Associate Professor and Chair
Focuses on film and media theory, documentary and avant-garde cinema, critical theory and cultural studies, film and video production, and critical political economy
Morgan Adamson is a scholar-practitioner who teaches at the intersections of film and digital media, critical theory, and cultural studies. Her book, Enduring Images: A Future History of New Left Cinema (University of Minnesota Press, 2018), examines how cinema became a form of collective resistance within international New Left social movements during the 1960s and 1970s. It argues that New Left cinema is a site to examine, through the lens of struggle, the reshaping of global capitalism at this pivotal moment. She has also published on the relationship between culture and finance capitalism, particularly in the areas of race, technology, and colonialism. She is currently working on a documentary essay film that addresses the promise and pitfalls of architectural utopianism in Minneapolis during the 1960s and 1970s and a digital humanities project on the use of stadiums in times of crisis. Before joining the Macalester faculty in 2013, she was an ACLS New Faculty Fellow at Duke University. She received her PhD from the department of Cultural Studies and Comparative Literature at the University of Minnesota.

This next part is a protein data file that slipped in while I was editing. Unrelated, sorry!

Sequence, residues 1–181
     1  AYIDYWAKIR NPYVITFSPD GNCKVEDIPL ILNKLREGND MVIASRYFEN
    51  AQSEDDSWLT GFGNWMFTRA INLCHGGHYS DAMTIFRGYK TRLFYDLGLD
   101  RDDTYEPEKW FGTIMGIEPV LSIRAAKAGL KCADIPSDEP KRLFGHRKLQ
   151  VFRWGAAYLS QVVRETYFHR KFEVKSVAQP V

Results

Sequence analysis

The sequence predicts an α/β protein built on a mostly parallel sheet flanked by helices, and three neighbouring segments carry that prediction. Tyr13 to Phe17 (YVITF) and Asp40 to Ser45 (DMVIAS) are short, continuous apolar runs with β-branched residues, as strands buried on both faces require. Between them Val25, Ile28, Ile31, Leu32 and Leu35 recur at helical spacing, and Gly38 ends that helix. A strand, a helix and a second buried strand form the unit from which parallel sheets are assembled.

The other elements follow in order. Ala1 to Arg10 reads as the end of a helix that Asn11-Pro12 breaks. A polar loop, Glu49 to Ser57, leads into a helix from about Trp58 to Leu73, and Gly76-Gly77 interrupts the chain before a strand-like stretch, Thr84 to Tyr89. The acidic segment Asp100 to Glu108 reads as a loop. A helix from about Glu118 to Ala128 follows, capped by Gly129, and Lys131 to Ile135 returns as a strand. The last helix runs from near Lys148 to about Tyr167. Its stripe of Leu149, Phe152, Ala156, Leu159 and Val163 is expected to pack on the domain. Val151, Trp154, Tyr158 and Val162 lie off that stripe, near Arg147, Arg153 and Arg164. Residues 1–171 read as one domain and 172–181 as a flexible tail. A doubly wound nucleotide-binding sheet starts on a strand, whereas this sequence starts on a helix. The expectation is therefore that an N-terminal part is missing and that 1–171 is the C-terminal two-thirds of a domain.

Enduring Images: A Future History of New Left Cinema (University of Minnesota Press, 2018).
“Toward a New Mode of Study: The New Student Left and the Occupation of Cinema in Columbia Revolt and The Battlefront for the Liberation of Japan-Summer in Sanrizuka” in 1968 and Global Cinema, Sara Saljoughi and Christina Gerhardt, eds. (Detroit: Wayne State University Press, 2018).
“Markets Without Subjects: Nasdaq and the Financial Interface,” New Formations: A Journal of Culture/Theory/Politics (2016) Vol. 88: 69-87.
“Accounting for Ashes: The Art of Sabotage in the Chilean Student Movement,” Minnesota Review (2015) Vol. 85: 162-169.
“Closure of the ‘Gold Window’: From ‘Camera-Eye’ to ‘Brain-Screen,’” Film-Philosophy (2013) Vol.17: 245-264.
“Labor, Finance, Counterrevolution: Finally Got the News at the End of the Short American Century,” South Atlantic Quarterly (Fall 2012) Vol. 111, 4: 803-823.
“The Human Capital Strategy,” Ephemera: Theory and Politics in Organization (2009) Vol. 9: 271-284.
“The Financialization of Student Life: Five Propositions on Student Debt,” Polygraph: International Journal of Culture and Politics (2009) Vol. 21: 107-120.
OFFICE HOURS FOR FALL 2022: Mondays from 2:30 pm-3:30 pm and Tuesdays from 3:00 pm-4:30 pm.